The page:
“We feel if we’re too top-heavy, then there is a certain segment of our members that we’re not serving appropriately, and, of course, we have to manage risk and be smarter about it,” Beckman said. “The pressure to keep rates super-low puts pressure on your [profit] yield, and if we’re too top-heavy it’s a double whammy as yield goes.”
Those market pressures to keep rates low aren’t coming from banks though. Other credit unions comprise a majority — close to 60% — of the Utah market, he added.
However, Navy Federal and Space Coast Federal Credit Union said they don’t intend to expand down the spectrum, in part because there’s less incentive for credit unions to chase riskier high-yield loans. “The big banks have shareholders to answer to, and we have our members to answer to,” Navy Federal’s Pendergast said. “We put it back out to our membership with better products, better service, and lower rates, that’s what the credit union culture is all about — giving back to the membership.”
Melbourne, Fla.-based Space Coast Federal has grown its portfolio to $4 billion this year by maintaining consistency, even when the potential profits were tempting, said Gary Prager, vice president of consumer sales and investment services.
“Sure, the getting probably was good for the last couple of years, and maybe our yields didn’t look as good as the rest of our competitors,” Prager said. “Well now, guess what? They are having to move back, and we’re staying as steady as a rock. That’s always been our approach. We’re not going out for the big cash grab when it’s there because we know what it leads to; it’s short-term success and not a long-term vision.”
Of course, there are still areas of strain to watch for — namely extended loan terms and LTVs.
The rise of leasing and its attractive monthly rates have caused many credit unions to extend terms to create a “lease-like product,” CU Direct’s Cochrum said. However, with delinquencies as low as they are among credit unions, he believes this risk is manageable.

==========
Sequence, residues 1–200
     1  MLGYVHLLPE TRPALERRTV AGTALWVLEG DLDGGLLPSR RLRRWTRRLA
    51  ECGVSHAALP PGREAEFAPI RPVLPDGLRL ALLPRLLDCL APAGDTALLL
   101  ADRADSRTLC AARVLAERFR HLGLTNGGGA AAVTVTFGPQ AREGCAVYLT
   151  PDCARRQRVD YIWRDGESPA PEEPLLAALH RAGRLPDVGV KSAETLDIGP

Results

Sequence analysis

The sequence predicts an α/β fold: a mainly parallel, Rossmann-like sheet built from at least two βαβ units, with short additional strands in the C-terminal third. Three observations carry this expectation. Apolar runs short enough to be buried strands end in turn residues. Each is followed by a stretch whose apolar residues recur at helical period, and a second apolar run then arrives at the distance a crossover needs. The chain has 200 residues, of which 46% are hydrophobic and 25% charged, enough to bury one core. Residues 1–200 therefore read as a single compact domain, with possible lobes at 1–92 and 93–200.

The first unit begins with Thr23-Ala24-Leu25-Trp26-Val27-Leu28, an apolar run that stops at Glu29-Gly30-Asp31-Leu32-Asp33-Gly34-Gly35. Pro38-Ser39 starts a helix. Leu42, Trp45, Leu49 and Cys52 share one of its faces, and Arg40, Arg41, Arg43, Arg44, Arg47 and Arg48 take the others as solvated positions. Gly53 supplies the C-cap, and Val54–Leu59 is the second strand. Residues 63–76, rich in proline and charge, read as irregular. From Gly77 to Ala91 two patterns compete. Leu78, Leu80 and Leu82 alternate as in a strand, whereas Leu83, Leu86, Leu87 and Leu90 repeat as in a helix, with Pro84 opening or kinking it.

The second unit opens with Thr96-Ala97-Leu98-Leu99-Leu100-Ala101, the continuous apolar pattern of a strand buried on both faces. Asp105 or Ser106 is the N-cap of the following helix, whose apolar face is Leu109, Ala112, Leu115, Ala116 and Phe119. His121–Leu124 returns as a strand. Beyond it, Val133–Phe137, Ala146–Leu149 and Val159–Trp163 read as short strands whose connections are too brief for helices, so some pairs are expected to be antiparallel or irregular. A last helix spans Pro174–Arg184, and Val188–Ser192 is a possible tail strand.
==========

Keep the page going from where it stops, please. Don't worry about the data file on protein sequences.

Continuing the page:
Many credit unions actually have lower loss percentages for terms over 72 months than they do for terms between 60 and 72 months, he said. “That’s primarily because the underwriting terms are more restrictive for the extended terms, so as long as credit unions maintain a more restrictive longer term program, they should be OK.”
Every credit union AFN spoke with extended loan terms to at least 84 months — Navy Federal includes a 96-month product — but all were on a limited basis. Mountain America’s Beckman said 84-month loans make up 10% of its portfolio.
“We’re doing well as far as performance goes, and it all comes down to how confident you are in your underwriting parameters, and we’re very confident that we’re underwriting the right loans,” Navy Federal’s Pendergast said.
One area of stress that has not been given enough attention is LTVs, Cochrum said. “Credit unions have not traditionally priced and decisioned their loans off of the LTV,” he said. “Primarily they have done it off of the risk score. When we look at losses — not necessarily defaults or delinquencies — we look at actual losses, we know that the LTV plays a significant role. Since credit unions haven’t been pricing for that additional risk, we’ve been encouraging them to do so.”
Since credit unions skew heavily into the used-vehicle market — 72% of originations, according to CU Direct — many lenders are expecting even greater marketshare as consumers turn toward off-lease vehicles that are flooding the market and depreciating prices.
Even without all these market forces working in favor of credit unions right now, Space Coast’s Prager believes regional lending arms like his have become robust competitors in the auto lending space and will only continue to grow, with or without pullback from the banks.
Prager has heard the idea floated that credit unions will grow to fill the void left by banks pulling back and said, “I actually think it’s a little bit insulting to credit unions. We’ve been growing without banks pulling out, and we’ve been competitive for quite some time.”Like This Post